Uruguay’s inflation in November was over 9% in the last twelve months despite government efforts to contain it by agreeing a price freeze with leading supermarkets and having public utilities’ rates unchanged.
This makes it virtually impossible to keep to the Central bank target range: 4 to 6% both this year and in 2013.
This scenario is expected to further generate inflationary pressures as businesses in anticipation will increase prices and trade unions will certainly not accept at the bargaining table a 5% average inflation for the next twelve months.
In November the CPI was 0.35% totalling 9.03% in the last twelve months, down from 9.11% in October and accumulating 8.27% in the eleven months of 2012.
The Secretary of the Economy and Finance ministry Pedro Apezteguía insisted inflation was ‘under control’ and that “no new measure are planned”, since “we expect the December index to be flat or negative”.
Apezteguia also discarded a reduction in the price of fuel which at one point was considered. In Uruguay power, fuel, communications, drinking water, among other prices are fixed by the government depending on costs and the needs of the Treasury.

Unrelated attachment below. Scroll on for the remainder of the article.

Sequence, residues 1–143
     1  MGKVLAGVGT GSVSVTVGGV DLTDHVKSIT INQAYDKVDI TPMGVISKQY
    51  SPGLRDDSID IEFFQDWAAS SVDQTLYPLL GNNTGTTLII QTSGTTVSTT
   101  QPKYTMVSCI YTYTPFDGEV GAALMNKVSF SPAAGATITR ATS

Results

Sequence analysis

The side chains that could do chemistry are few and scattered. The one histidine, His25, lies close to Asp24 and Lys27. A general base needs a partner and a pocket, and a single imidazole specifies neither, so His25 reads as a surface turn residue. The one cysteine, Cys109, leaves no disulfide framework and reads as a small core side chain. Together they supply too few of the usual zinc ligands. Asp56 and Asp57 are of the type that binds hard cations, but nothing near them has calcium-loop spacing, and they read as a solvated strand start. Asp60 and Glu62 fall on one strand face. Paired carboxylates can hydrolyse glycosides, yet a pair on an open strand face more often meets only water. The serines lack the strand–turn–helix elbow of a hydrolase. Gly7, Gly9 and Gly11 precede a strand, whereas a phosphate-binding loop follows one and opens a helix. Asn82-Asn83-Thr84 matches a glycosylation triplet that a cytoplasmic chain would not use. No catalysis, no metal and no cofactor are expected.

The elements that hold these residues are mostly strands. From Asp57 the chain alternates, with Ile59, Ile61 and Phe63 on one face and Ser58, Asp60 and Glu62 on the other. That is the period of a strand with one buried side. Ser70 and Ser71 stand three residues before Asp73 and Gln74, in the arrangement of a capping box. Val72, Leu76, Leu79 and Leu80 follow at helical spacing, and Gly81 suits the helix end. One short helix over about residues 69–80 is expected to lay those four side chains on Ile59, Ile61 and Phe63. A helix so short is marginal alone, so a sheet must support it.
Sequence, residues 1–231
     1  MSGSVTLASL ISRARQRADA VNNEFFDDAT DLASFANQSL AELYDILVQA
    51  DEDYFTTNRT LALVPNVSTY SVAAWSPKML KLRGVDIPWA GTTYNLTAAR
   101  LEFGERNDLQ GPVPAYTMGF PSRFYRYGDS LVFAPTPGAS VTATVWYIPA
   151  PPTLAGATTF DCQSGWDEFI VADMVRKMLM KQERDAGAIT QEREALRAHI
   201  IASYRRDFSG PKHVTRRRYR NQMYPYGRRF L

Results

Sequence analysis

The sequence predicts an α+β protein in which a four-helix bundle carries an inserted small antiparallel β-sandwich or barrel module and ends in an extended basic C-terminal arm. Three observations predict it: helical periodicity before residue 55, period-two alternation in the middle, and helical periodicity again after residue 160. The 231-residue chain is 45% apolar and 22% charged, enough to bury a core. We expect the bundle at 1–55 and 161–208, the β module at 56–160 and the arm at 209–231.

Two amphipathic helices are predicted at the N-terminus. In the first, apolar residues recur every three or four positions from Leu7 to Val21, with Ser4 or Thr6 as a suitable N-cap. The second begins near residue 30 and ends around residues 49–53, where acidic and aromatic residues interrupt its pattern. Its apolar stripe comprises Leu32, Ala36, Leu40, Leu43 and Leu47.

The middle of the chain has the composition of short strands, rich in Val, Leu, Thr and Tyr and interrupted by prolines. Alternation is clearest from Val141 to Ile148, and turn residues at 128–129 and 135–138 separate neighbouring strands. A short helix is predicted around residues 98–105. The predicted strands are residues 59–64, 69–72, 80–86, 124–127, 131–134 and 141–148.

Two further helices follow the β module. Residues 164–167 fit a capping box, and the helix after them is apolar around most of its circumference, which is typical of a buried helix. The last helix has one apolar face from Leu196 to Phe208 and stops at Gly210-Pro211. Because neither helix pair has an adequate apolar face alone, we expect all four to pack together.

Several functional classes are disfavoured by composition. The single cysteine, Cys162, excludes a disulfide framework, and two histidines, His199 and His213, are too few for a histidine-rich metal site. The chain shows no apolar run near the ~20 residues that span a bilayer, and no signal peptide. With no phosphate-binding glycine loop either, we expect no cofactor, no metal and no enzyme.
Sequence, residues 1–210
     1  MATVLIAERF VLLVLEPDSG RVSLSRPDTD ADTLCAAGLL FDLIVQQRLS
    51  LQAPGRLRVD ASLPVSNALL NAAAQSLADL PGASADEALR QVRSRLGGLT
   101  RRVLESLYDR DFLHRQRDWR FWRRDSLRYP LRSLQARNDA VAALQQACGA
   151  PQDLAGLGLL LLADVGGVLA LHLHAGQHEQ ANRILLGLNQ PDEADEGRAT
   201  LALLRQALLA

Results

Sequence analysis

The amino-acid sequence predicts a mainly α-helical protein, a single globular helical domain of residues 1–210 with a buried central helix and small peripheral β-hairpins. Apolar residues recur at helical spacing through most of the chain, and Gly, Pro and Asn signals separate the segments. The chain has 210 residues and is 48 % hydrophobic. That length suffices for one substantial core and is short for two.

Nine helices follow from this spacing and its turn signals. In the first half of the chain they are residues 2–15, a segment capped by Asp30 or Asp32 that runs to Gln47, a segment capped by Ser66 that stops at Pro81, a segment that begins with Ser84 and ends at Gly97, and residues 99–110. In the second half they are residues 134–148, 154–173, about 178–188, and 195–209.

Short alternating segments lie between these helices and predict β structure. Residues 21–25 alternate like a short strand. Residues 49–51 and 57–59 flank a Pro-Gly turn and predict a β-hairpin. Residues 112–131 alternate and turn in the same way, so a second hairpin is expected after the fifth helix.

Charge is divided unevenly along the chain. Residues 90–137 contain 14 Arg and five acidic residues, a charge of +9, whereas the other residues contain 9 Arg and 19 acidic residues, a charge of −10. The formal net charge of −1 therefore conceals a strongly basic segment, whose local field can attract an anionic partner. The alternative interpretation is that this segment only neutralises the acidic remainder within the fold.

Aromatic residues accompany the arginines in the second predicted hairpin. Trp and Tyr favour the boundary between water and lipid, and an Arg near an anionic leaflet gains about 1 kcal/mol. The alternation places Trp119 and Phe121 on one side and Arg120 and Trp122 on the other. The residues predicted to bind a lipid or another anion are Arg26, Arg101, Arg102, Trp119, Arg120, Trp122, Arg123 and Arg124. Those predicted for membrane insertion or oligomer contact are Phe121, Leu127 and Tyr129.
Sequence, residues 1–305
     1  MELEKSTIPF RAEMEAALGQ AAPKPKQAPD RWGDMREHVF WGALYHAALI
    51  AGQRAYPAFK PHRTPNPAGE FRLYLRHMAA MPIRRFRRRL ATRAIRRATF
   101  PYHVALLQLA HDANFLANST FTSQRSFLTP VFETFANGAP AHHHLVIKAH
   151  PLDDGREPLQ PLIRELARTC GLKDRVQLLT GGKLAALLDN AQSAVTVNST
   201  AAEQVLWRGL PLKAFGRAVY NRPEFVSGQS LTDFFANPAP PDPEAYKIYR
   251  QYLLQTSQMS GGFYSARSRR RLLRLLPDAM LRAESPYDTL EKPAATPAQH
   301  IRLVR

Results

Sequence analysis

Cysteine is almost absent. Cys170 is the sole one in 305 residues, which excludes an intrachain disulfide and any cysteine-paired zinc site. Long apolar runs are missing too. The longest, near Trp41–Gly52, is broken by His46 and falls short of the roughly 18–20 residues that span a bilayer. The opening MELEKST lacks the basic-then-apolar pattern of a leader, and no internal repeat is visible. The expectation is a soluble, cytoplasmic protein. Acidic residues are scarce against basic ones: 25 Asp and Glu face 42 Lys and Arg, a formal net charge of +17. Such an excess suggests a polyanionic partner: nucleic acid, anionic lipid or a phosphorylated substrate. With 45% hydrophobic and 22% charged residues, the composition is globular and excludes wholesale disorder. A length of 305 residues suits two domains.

“We are confident we don’t need additional measures. The current ones are sufficient” insisted Apezteguia in reference to the monetary decisions from the Central Bank hiking interest rates and contracting liquidity, plus others such as no public utilities increases until January next year; no taxes on personal hygiene goods, moderate salary agreements and agreement with the supermarkets to keep prices until next year except for fresh fruit and vegetables, and meat.
However Pablo Rosselli partner of Deloitte said that prices will continue on the rise next year ‘with persistence’ and risks for the country’s competitiveness and employment and Marcelo Sibille economist from KPMG believes inflation will remain as the main problem for the government next year.
“Having increased interest rates and ‘flattened’ the US dollar out of tune with the main regional partners, Brazil and Argentina, the government is only left with the manipulation of public utilities rates to contain inflation”, plus a serious cost problem for exports.
Pablo Moya from Oikos said that the administration must attack the real roots of the inflationary problem and those are: government overspending and an indexed salaries policy. In this scenario “the private sector will continue to raise prices” unless the government tackles the real problems.